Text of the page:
Government confirms: no changes to MOT rules yet, but more consultations likely

By 21st February 2023No Comments

The UK government has confirmed that no immediate decisions will be made on changes to MOT rules once the current consultation ends. The Department for Transport (DfT), and Driver and Vehicle Standards Agency (DVSA), have said that further MOT consultations are likely to open before any changes are made.

The six-week consultation, which began in January, was opened by the DfT and DVSA primarily to discuss the current rules about when new vehicles must have their first MOT, and test frequency, to ensure MOT rules are “fit for the future.”

The proposals, which could lead to fewer, less frequent MOTs, have led to widespread road safety concerns, including from the AA and RAC, who have signed a petition to retain the current setup. Major industry bodies have also stated that the proposed changes are “dangerous and damaging.”

In a meeting conducted by the Independent Garage Association (IGA) and Scottish Motor Trade Association (SMTA), the DfT said that ministers are focusing on saving consumers money and want to use the consultation as an opportunity to evaluate if any areas of the MOT can contribute to further savings. However, the DfT and DVSA have said that no immediate action will be taken, despite the Government’s impact statement stating any legislation changes would be implemented from 1 April 2023.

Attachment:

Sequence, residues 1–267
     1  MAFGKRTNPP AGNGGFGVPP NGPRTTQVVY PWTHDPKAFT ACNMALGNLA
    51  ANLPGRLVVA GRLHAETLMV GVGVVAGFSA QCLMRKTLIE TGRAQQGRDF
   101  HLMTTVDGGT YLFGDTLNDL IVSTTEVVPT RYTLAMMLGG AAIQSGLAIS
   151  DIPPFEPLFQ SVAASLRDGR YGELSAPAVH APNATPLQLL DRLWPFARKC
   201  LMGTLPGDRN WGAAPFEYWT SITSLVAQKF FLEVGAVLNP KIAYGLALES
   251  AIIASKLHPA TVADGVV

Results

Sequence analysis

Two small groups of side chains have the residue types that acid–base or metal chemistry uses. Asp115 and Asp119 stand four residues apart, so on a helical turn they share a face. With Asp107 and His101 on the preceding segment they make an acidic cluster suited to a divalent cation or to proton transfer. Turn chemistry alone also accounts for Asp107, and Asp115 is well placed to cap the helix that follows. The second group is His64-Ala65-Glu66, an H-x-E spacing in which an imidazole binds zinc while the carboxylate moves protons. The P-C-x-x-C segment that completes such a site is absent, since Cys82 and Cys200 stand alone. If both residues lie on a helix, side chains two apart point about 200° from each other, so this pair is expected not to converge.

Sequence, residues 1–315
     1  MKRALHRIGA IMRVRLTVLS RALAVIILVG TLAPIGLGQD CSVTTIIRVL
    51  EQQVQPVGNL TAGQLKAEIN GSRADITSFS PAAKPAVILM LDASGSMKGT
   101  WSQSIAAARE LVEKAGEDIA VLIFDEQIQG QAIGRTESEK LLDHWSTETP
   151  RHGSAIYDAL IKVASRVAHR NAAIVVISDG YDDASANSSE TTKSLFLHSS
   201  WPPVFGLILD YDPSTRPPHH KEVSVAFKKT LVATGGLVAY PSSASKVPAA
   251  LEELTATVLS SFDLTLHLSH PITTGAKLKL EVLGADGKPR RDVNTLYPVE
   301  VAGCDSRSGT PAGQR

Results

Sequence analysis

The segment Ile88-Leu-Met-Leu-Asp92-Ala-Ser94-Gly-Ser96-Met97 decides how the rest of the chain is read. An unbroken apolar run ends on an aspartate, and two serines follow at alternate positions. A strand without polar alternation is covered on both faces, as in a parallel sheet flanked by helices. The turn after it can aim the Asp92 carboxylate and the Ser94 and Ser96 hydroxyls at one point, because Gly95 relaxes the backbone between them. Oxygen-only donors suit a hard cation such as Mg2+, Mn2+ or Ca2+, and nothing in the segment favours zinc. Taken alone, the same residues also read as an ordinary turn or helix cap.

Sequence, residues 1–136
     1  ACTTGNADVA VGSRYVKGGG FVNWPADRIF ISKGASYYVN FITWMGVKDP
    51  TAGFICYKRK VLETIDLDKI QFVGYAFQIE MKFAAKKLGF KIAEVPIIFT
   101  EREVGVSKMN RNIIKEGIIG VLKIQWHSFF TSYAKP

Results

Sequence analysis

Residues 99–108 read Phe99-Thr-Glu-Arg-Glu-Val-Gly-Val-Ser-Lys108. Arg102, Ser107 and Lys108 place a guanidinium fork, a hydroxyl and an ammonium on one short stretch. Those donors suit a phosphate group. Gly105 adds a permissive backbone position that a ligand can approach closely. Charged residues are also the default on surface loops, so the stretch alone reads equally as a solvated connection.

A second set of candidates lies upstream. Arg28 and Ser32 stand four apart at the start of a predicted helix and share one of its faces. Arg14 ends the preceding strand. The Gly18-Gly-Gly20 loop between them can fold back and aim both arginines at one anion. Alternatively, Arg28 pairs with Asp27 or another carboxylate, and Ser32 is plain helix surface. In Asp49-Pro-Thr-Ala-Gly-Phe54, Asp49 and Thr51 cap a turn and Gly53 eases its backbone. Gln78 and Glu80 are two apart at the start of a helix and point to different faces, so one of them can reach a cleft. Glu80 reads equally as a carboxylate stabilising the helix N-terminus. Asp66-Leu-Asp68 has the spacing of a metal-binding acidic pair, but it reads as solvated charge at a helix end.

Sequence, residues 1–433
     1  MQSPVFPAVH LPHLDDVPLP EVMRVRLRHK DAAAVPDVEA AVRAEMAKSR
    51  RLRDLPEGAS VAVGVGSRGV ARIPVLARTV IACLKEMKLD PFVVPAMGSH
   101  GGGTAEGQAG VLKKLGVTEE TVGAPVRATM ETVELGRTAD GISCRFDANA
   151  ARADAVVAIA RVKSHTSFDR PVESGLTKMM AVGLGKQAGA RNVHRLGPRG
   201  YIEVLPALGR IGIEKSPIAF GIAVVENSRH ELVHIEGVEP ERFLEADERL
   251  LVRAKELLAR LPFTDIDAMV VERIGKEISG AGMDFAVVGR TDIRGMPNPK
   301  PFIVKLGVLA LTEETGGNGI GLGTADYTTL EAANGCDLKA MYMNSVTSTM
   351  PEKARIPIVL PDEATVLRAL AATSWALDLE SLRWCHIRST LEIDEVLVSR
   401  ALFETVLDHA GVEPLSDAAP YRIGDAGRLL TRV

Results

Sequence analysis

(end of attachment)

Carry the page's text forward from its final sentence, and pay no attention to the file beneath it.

The government departments revealed that consultation responses submitted after the closing date on 28 February 2023 would still be considered. They also stated that further consultations based on the initial information and responses provided are likely to take place. All parties have agreed to continue working closely at every stage of the consultation process to ensure that public safety and the needs of the industry are being thoroughly considered.

Stuart James, IGA chief executive, said that they appreciated the DfT being open about many of the questions raised and understood that cost implications for consumers and advances in vehicle technology are the main drivers behind this consultation. However, he added that the UK’s roads are amongst the safest in the world and expressed a hope that the Government would not make decisions that would cause any increase in road casualties.

James also suggested that it may have been more appropriate to break the consultation down into smaller subject areas to ensure that road safety is not impacted by any of the many changes being considered. The IGA will continue to work to ensure that road safety and the public are protected as the consultation progresses.


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Gary Bates

Author Gary Bates

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